The testimonial needs to stomp the objection into the ground. Then it picks the objection up and slaps it around the room some more for good measure.
To get a testimonial like this, you can't just sit around and wait for it to come your way. You have to ask your clients for a testimonial and you have to craft it for them.
Don't rely on them to come up with something useful. Send them a draft. This helps twofold: a) you get the testimonial you desire, b) it makes it easier for them to give you a testimonial.
Take a look at the testimonials on the LinksSpy homepage! All of them were drafted by me. They are designed to counter objections. Dave's testimonial speaks to the "There's no ROI in this" objection; Anders' testimonial counters the "This will take forever to have any ROI" objection. Both are working magic for me.
If you put testimonials on your website, put in the effort and be intentional about them.
Establishing Rapport With Your Future Clients
The third and probably most effective technique to help your future clients overcome their fear of working with you, is to establish rapport with them.
Give them time to get to know, like and trust you.
Establishing rapport is a long-term effort. You need to make multiple (the common lore tells us: 7) contacts with someone before they will be ready to buy from you. Not only will you need contact them, you need to deliver value.
Before you can start a conversation with someone, you need a way to contact her. The usual way for that is through email, so you should try to get the email address of your website visitors as soon as possible.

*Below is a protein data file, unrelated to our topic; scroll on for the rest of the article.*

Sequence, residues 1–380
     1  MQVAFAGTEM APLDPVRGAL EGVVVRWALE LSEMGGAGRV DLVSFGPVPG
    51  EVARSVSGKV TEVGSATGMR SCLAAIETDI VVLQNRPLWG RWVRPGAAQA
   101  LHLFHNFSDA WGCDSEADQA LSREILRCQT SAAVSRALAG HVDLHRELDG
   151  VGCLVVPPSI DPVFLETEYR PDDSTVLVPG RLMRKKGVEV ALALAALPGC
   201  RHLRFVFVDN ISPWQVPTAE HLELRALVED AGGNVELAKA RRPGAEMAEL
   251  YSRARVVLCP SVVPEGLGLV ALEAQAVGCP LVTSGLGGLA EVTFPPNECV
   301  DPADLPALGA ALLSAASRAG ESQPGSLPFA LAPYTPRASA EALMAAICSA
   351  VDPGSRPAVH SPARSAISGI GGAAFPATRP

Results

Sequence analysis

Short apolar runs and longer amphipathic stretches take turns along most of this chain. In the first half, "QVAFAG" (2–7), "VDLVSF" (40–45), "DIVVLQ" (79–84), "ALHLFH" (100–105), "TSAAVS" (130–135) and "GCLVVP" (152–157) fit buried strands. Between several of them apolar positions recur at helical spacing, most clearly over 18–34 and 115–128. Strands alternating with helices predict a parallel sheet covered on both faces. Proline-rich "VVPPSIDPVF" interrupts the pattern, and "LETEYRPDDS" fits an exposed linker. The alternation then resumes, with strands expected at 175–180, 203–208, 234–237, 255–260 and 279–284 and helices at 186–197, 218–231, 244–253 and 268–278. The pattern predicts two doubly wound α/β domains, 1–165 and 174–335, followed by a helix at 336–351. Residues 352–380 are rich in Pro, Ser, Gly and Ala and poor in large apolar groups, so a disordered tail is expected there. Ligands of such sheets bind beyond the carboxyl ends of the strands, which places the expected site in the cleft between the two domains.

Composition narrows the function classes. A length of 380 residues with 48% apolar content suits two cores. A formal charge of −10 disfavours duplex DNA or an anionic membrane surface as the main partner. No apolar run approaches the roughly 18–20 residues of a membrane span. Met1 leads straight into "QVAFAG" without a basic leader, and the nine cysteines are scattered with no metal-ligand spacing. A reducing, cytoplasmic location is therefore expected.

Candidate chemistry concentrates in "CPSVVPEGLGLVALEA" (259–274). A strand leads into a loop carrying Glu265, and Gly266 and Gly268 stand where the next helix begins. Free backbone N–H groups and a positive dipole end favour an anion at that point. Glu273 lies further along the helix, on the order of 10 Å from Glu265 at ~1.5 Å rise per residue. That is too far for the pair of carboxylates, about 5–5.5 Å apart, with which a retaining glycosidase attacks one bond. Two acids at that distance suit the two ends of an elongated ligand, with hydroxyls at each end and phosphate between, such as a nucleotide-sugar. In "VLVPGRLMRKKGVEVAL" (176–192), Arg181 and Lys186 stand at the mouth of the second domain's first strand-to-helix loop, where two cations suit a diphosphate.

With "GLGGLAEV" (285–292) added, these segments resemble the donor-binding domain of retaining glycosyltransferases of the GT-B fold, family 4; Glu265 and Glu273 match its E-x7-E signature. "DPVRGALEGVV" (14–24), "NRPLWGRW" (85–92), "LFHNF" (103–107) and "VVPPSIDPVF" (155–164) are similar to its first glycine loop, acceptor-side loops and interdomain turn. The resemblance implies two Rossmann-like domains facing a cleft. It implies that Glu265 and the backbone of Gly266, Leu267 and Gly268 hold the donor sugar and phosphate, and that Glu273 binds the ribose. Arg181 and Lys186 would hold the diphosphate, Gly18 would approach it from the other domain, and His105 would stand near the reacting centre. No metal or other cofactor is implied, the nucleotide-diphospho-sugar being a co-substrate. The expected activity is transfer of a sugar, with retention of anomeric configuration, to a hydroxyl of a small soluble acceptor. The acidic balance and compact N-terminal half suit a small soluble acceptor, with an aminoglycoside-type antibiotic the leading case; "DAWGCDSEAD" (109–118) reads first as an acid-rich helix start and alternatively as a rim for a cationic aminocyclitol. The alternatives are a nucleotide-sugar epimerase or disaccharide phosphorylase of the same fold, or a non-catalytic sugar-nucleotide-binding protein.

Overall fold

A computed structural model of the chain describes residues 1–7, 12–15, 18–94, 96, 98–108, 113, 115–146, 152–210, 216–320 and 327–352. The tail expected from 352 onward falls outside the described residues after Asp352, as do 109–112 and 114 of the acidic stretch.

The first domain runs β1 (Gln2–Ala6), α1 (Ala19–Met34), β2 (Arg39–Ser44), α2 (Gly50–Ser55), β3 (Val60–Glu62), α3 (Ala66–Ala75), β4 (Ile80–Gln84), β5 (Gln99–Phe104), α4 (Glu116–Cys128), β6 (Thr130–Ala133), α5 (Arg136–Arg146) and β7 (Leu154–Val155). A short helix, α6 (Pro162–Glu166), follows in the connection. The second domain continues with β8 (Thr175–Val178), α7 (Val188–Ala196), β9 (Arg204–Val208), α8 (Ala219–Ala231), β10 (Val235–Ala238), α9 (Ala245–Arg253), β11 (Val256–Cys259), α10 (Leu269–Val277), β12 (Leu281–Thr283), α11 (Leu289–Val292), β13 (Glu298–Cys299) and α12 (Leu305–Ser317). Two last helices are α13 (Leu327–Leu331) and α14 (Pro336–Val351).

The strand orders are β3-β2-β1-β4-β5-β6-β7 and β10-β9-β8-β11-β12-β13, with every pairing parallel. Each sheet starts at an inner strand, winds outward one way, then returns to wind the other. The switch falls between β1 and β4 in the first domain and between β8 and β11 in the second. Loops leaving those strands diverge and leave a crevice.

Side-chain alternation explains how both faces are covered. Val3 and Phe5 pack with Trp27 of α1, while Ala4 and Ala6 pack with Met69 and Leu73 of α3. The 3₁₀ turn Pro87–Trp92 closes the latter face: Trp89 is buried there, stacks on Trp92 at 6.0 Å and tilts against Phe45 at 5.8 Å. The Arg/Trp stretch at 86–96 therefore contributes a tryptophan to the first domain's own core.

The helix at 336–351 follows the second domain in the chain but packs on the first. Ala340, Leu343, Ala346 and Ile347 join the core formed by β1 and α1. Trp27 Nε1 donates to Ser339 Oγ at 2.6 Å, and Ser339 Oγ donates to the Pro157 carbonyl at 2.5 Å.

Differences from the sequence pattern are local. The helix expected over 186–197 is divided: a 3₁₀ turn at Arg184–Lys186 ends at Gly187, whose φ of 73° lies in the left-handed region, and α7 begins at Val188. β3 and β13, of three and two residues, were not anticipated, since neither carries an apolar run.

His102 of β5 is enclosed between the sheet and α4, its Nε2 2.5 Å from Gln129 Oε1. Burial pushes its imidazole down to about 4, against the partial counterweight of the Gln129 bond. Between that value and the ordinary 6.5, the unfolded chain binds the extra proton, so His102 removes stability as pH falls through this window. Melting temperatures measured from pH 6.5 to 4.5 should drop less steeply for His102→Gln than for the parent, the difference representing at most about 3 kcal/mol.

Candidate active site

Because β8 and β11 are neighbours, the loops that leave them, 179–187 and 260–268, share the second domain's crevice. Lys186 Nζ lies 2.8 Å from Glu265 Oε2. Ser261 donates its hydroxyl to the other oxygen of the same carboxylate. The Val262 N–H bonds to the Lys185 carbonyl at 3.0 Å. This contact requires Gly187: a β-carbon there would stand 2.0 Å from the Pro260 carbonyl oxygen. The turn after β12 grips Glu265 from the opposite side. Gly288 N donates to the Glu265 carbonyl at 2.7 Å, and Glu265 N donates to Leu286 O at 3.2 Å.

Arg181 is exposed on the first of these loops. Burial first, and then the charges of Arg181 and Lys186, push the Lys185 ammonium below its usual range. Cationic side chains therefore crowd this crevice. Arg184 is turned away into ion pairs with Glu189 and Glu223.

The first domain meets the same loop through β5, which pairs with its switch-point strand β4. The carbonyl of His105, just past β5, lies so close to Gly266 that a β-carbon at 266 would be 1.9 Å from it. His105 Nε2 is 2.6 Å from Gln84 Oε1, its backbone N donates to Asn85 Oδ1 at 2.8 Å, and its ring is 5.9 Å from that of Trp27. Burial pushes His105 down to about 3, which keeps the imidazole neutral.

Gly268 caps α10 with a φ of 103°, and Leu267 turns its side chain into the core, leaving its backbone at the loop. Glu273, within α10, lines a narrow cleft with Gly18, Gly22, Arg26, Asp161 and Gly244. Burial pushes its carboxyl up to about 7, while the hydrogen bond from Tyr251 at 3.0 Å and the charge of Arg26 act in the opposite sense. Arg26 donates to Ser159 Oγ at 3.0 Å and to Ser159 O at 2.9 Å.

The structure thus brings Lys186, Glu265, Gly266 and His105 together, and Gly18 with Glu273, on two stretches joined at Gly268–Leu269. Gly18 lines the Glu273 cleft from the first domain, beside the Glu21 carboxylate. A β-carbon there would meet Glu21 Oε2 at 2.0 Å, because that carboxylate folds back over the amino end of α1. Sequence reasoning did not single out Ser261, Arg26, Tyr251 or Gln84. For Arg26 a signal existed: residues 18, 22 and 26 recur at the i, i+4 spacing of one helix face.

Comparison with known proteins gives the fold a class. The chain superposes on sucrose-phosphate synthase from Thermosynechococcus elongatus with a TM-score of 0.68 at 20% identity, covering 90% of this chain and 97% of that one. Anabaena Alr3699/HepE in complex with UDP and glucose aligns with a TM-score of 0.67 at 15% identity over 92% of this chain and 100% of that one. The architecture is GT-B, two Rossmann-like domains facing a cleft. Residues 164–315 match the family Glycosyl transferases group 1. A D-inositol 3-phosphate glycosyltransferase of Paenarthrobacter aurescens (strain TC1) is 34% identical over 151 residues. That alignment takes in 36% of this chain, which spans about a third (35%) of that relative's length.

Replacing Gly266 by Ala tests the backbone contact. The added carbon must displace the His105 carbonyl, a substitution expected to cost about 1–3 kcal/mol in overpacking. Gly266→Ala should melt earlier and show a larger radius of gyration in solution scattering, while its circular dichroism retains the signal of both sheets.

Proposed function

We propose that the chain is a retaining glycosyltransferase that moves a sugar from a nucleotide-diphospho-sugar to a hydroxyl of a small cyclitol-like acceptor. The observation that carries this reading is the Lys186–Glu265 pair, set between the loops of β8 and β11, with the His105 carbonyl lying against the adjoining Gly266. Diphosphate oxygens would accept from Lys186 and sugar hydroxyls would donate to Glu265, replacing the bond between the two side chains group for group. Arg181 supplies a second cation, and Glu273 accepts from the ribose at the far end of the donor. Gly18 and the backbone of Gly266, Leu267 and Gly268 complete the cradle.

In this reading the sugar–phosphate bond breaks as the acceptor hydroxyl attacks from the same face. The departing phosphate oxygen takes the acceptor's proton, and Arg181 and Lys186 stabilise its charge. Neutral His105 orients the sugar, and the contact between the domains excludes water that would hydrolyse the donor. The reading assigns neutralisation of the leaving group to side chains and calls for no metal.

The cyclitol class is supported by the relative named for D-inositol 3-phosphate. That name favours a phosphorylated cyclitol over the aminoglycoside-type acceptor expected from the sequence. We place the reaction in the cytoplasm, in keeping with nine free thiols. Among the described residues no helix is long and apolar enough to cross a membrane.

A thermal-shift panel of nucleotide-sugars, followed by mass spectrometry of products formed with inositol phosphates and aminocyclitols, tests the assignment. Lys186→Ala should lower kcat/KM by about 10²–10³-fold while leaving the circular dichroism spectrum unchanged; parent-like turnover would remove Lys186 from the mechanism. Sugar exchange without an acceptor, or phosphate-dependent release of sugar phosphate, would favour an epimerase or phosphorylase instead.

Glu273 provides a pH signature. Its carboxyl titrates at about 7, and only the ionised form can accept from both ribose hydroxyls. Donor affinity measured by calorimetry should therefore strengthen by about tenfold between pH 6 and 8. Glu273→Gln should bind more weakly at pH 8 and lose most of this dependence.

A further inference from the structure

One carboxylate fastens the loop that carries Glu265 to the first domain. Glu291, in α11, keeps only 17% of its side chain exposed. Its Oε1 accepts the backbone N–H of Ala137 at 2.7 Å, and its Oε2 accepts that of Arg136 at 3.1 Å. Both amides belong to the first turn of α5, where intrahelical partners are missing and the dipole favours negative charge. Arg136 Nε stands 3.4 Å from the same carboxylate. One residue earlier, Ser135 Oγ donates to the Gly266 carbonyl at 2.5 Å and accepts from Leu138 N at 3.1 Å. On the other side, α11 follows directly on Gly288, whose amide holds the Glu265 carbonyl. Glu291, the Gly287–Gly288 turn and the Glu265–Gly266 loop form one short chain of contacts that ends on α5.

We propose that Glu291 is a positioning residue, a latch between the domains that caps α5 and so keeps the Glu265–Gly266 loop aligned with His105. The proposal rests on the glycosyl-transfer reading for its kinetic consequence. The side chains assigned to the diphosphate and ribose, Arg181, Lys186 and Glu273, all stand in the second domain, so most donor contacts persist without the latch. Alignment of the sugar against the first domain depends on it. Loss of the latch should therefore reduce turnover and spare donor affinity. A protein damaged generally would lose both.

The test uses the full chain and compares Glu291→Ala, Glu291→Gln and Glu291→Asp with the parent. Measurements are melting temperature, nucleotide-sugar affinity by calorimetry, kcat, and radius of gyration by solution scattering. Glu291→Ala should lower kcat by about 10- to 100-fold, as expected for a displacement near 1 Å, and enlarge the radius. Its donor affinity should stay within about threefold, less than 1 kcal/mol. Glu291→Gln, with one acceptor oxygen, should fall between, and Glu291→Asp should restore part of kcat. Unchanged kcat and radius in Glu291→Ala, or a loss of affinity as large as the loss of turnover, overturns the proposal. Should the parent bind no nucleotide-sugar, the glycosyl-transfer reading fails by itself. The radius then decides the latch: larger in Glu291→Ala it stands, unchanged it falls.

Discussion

For LinksSpy I do exactly that with the little widget you can see in the bottom right corner. The widget offers you a free email course on advanced link building techniques, of course I need your email address to send it to you.
Once you have their email address you can start sending them emails and deliver value.
One way to deliver value is to teach people something new. Remember that your clients don't know a whole lot of SEO – if they knew, they wouldn't see a need to hire you. So start by teaching them the very basics of SEO. Don't try to sell them right from the start, they still don't trust you. Deliver value, establish rapport; everything will work out fine.
The beauty of emails is that they can be easily automated. Once people sign up for your list they will start to receive your drip emails – provided you use a special software for that.
I use Drip to implement this whole process for LinksSpy. Drip allows me to easily add the widget to every page, it manages my list (subscribes, confirmations and unsubscribes) and it also delivers the drip email campaign automatically.
I could write an article about drip email campaigns alone, but I will leave it at that for the moment.
Get Their Credit Card and Automatically Collect Payments